2011 IR&D Annual Report

Radio Frequency (RF) Detection of Small Arms Fire, 10-R8173

Principal Investigators
Thomas C. Untermeyer
Gregory C. Willden
Carl E. Weiss
Andrew R. Cormier
Chuong D. Khuc

Inclusive Dates:  07/01/10 – 12/31/11

Background — For defense purposes, the military has an interest in detecting weapons as soon as possible after their firing or launching from as far away as possible. Optical, Infrared (IR), and acoustic systems exist today that can detect the firing of a variety of weapons. However, these detection methods do not work as well in obscured environmental conditions caused by clouds, fog or rain. Acoustic systems also provide much slower response time and limited range. Since the 1950s, the open literature has reported the possible generation of radio frequency (RF) emissions caused by the launching of a variety of weapons. Passive RF detection of weapon launches could provide a benefit over optical, IR, and acoustic systems by providing fast detection through obscured environments over extended ranges.

Approach — Using lessons learned during previous testing, including developing sensors used to collect RF data from a variety of weapons, researchers attempted to reliably and consistently detect the RF signals caused by the firing of automatic weapons at a distance of more than one-quarter mile (400 meters) and to understand the phenomenology associated with the cause of the RF signals.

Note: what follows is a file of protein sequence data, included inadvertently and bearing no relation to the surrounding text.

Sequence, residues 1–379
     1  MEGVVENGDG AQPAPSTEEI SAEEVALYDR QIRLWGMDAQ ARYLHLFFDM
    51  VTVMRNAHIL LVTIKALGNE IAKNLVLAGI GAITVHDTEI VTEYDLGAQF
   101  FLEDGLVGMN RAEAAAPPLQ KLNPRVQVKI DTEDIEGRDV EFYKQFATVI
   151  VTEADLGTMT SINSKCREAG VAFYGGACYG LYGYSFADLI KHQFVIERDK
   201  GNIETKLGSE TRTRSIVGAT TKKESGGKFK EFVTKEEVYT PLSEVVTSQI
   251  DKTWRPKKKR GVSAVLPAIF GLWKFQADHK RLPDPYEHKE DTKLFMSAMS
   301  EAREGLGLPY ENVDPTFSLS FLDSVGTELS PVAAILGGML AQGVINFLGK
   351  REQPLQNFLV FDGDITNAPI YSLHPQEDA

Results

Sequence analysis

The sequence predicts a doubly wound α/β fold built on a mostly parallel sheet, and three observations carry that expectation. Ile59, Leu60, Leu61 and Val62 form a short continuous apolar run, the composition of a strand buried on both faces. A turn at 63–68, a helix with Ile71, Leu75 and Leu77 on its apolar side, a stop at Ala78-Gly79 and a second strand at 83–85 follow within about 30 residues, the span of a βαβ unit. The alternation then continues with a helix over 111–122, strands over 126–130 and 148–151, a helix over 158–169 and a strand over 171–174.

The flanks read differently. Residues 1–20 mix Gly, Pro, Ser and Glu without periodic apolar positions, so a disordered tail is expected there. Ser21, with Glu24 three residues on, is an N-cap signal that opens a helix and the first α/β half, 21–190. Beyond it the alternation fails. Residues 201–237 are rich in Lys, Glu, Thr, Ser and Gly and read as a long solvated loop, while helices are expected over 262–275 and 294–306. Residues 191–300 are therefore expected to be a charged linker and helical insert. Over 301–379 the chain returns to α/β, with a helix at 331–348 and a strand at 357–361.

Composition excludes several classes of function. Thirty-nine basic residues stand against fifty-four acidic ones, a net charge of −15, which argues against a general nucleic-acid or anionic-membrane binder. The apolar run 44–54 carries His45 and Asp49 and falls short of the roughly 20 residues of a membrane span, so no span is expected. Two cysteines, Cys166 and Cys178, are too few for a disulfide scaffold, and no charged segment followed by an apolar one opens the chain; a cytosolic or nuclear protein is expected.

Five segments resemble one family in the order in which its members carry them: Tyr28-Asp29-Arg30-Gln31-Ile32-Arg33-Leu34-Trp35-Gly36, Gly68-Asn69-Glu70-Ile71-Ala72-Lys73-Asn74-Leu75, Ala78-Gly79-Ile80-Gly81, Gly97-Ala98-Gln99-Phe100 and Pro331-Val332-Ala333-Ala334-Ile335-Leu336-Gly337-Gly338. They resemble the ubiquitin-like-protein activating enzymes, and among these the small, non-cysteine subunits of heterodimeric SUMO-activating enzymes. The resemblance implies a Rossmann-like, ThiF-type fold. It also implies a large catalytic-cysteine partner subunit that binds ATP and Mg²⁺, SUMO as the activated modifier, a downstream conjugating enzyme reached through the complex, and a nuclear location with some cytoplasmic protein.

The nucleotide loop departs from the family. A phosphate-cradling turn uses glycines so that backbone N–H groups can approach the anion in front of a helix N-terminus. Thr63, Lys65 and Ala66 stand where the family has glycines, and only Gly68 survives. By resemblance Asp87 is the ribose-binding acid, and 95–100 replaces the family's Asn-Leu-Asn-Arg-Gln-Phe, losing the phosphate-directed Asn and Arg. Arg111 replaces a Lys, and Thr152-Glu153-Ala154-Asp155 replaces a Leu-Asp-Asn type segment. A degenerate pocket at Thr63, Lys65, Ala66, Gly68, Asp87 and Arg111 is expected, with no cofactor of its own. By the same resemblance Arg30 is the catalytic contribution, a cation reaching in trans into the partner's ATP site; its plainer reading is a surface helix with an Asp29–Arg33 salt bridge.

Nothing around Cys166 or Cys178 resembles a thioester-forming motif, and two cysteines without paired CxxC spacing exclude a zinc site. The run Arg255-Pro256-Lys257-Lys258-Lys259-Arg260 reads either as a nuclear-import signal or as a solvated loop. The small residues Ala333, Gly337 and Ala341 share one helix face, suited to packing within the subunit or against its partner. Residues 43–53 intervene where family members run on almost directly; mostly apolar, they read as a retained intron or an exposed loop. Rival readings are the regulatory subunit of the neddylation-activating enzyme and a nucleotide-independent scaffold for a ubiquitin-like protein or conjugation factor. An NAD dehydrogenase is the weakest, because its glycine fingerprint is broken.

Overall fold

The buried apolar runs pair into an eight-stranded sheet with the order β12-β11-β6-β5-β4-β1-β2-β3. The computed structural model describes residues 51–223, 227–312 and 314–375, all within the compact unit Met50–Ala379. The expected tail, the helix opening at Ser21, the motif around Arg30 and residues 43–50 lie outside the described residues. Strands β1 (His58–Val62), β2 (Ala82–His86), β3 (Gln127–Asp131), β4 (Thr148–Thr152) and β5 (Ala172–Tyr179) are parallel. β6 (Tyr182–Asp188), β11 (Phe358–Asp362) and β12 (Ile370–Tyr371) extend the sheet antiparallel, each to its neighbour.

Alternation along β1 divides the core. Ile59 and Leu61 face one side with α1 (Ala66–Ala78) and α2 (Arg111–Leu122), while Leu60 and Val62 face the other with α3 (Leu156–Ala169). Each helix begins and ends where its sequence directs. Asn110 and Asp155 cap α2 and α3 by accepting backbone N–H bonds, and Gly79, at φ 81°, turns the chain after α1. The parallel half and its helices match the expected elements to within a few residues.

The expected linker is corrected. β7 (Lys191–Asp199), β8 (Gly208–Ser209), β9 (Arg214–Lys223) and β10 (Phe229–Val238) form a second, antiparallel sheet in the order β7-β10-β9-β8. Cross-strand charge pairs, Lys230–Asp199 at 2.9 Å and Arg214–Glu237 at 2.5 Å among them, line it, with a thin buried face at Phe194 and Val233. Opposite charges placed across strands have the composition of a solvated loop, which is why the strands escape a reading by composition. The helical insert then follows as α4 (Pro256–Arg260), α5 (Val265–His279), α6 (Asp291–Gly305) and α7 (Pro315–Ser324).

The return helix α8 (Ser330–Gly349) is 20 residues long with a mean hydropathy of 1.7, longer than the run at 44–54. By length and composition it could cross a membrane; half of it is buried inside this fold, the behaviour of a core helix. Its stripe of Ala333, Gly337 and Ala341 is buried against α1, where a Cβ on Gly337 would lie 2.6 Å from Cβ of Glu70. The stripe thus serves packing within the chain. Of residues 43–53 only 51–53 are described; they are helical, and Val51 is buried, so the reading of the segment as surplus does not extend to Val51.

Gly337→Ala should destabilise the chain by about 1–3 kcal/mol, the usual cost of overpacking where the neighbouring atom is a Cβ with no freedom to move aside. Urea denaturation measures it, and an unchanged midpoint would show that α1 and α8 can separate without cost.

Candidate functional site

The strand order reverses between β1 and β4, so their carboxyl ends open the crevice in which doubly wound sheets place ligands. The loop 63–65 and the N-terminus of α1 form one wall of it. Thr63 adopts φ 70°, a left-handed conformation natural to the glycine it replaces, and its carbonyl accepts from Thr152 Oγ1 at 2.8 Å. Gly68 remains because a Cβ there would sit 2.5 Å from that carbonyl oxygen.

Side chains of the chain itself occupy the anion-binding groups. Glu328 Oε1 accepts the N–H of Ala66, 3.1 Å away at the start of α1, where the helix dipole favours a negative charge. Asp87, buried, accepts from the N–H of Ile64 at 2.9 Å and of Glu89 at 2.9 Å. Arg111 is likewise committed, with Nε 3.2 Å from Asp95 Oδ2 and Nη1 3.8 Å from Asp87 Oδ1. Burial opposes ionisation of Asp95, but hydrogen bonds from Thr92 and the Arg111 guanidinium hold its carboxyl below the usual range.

Accomplishments — The team developed a test plan and assembled the appropriate antennas and test equipment to collect RF and video data at the SwRI outdoor ballistics range and inside one of SwRI's RF shielded enclosures during the firing of a small arms weapon. Although the team did capture RF signals during this testing, the signals did not occur every time. Also the signals did not provide an adequate signature to differentiate them from other external transmitters.

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Southwest Research Institute® (SwRI®), headquartered in San Antonio, Texas, is a multidisciplinary, independent, nonprofit, applied engineering and physical sciences research and development organization with 9 technical divisions.
04/15/14